State of Tennessee, Bedford County
April the 16, 1863
Dear wife, it is once more with pleasure I seat myself to drop you a few lines to let you know that I am in common health at this time hoping when these few lines comes to hand they may find you all well. I ain't got anything strange to write to you at present. Times is hard here. We got plenty of meat and bread and not much stomach to eat it. I received your letter this morning which was wrote the fifth of this instant which stated that you were all well and it give me great satisfaction to hear from you and to hear that you were well. I had began to think that you had forgot me. It had been so long since I got any letter from you. You wrote that you was on a trade. I think it is bad to trade a horse that ain't worth more than 50 dollars, the way times is now. Though it might be a good trade if you could make corn to feed with next winter. It might do very well, it might be a good trade anyhow. You do as you think best for I don't know that I ever will be there to need anything that is there. Catherine, I ain't got time to write much. Know we have got to go on in sections now. I can get cloths here cheaper than you can make them. You write that you want me to send you made knives I about (unreadable). See me chances now they ain't no antler tines after (unreadable). You wanted me to write the (unreadable words) a letter, I ain't got time now (unreadable words) them I say I will write again in a few days. Write to me as quick as you can. A.H. Burnett to wife. Tell John Thomas and Martha be good for me and I want to see them and Sarah Almeada Frances (unreadable) bad.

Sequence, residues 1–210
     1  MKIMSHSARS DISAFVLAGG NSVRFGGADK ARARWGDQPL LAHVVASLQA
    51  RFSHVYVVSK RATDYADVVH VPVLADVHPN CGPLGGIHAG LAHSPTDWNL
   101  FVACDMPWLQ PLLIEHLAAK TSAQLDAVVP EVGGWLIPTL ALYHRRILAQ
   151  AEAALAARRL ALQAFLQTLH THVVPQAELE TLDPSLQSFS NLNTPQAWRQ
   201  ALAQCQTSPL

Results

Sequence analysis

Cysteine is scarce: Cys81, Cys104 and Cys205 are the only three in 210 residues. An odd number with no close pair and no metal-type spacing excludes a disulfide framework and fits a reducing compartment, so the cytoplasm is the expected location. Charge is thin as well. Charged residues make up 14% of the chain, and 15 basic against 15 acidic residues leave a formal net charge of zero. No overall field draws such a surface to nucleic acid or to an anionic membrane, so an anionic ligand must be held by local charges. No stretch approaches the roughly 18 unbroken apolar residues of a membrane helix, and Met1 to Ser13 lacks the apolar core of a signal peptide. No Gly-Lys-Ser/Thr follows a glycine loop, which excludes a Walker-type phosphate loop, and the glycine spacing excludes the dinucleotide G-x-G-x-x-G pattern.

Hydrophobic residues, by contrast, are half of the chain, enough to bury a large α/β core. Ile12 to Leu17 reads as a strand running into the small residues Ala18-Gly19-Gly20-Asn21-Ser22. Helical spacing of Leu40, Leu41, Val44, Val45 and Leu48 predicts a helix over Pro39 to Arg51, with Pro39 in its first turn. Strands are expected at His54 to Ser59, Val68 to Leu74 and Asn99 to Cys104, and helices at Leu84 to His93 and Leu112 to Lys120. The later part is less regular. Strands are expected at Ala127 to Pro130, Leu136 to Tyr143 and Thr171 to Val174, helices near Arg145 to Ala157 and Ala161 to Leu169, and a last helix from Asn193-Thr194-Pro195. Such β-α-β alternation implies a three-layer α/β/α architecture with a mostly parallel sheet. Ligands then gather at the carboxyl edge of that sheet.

State of Tennessee, Bedford County
May the 2, 1863
Dear wife, it is with pleasure I seat myself to drop you a few lines to let you know that I am in as good health as common, hoping when these few lines comes to hand, they may find you all well. I ain't got anything strange to write to you at present, only I was with a man that was taking the smallpox about ten days ago. I am afraid that I will have it. Me and him was detailed to cook for the sick. When they went on picket, me and him was cooking the (unreadable words) he was complaining for two or three days I was with him. Two days after he comes a broken out. I don't want you to grieve much, take it like I do. I take it all pain and easy. All that I can help studying about you and the children. I received two letters the 29 of April from you, that was dated the 10 and 18 which stated that you was all well and that gives me great satisfaction to hear from you and to hear that you and the next day I got a letter from father. The one that you sent to him to send to me, it stated that they was all well. You wrote that you wanted me to send my likeness to you. I will as quick as I can get it. You wrote that you wanted me to send you word how much money I drawed. I drawed 143 dollars, the first draw and 202 the next time. I have got 15 dollars, now I eat up 5 dollars a week, I give a dollar for a pound of peaches, and 2 for a dozen eggs, it looks like I can't keep money. You wanted to know what we had to eat. We have corn bread a plenty a half (lb) meat, enough. You wanted me to send you a pen, I ain't got none, worse more I can't get nary one. I will send you one and some paper as quick as I can get it. I will write you another letter in a few days more. So I must come to a close by saying. I remain your loving husband until death. A.H. Burnett to wife and children.